The Water Forum welcomes the publication this week, of the Framework for the Future Delivery of Water Services. This represents a welcome and important step forward in the development of Irish Water as the Single Publicly Owned Utility with full responsibility for delivering water and wastewater services in Ireland.
From January 2023, Irish Water through collaboration with Local Authorities will have direct management responsibility for all water services staff and this should provide for more streamlined, effective and efficient water and wastewater service provision. They are now in a position to recruit the necessary expertise to deliver on ambitious Capital Investment Plans to provide water and wastewater services that meets Ireland’s 21st century economic and social needs without negatively impacting on the natural environment.
The Framework was developed through detailed and long-term negotiations facilitated by the Workplace Relations Commission, Irish Water, Department of Housing Local Government and Heritage and Local Government Management Association and the County and City Managers Association and Trade Unions. Currently, approximately 3,000 water services staff who operate Irish Water plants and service responses are employed by the Local Authorities. This new framework gives these employees the option to become full-time Irish Water personnel, or to seek alternative employment within the Local Authority structure and if neither of these options are possible there is an opportunity to avail of voluntary redundancy. Such options will provide assurances to Local Authority personnel but also ensures continuity of service and the retention of skilled staff at Irish Water.
With responsibility for a budget of €8.4 billion from 2020 to 2024 for Capital Investments and Water Services it is important that Irish Water have full control of their operating systems. Recent water treatment failures at Ballymore Eustace and in Gorey illustrated the need for direct lines of accountability and responsibility for quality control and practice at Water Treatment Plants that are best achieved in a single utility with sole responsibility for water supply management.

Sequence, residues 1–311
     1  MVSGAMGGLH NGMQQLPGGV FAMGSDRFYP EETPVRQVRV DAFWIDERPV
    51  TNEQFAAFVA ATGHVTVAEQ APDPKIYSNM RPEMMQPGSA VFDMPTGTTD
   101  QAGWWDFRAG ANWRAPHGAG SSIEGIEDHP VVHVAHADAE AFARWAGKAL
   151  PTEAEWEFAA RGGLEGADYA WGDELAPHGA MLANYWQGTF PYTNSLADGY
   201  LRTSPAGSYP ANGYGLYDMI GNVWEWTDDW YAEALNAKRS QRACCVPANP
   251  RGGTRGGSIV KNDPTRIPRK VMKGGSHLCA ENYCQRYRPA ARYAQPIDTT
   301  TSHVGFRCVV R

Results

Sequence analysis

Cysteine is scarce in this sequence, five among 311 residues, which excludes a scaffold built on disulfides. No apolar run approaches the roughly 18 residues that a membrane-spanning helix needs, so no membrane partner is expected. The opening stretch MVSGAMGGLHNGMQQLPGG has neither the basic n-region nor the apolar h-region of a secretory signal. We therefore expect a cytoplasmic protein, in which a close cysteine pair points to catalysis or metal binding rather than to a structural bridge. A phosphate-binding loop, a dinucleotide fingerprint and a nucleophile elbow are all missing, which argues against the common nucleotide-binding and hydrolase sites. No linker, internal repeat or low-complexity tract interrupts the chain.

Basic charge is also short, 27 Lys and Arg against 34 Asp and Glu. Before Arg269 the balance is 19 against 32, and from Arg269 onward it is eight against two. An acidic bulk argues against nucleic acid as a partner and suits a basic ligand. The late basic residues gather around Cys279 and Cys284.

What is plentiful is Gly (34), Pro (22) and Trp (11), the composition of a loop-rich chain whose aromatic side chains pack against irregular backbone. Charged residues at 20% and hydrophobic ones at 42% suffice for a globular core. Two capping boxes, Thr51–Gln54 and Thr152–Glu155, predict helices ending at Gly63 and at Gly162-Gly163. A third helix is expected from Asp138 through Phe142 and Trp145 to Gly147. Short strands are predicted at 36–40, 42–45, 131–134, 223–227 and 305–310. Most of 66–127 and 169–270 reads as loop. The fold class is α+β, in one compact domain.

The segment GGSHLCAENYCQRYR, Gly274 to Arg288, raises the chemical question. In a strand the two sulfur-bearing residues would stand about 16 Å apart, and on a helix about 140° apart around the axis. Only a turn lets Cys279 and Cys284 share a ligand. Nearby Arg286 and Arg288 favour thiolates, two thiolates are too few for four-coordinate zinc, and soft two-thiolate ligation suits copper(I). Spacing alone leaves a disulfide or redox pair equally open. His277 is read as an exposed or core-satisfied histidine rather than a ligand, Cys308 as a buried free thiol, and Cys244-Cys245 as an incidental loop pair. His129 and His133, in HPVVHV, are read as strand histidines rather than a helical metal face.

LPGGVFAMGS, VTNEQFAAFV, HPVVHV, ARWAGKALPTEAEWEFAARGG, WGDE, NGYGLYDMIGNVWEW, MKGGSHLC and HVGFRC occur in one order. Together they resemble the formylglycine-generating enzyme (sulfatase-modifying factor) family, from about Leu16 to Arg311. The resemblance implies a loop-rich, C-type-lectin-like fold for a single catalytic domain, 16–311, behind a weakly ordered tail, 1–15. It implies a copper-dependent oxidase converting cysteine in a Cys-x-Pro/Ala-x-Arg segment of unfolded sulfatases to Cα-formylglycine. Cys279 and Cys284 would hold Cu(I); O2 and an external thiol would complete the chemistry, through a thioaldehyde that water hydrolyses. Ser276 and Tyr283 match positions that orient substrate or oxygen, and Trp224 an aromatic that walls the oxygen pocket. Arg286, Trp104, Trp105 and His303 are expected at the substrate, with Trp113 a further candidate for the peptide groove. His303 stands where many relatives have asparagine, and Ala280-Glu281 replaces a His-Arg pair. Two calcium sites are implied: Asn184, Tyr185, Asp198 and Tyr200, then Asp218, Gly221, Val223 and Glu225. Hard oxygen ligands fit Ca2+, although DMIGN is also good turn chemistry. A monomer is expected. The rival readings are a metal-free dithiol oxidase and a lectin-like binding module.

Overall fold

With a rapidly increasing population, demand for water services will continue to grow, climate change is impacting on water availability and there are still considerable deficits in Ireland’s water infrastructure. Irish Water have an ambitious programme of work with the ongoing implementation of the National Water Resources Plan and the development of Regional Water Resources Plans, National Leakage Reduction Targets and the need to address the deficits in wastewater services that are causing pollution of over 208 water bodies.
A trusted and respected Publicly Owned National Water Utility is essential to deliver the water and wastewater services needed and deserved by the Irish population and the Water Forum hopes that Irish Water is now in a stronger position to address these needs more effectively and urgently.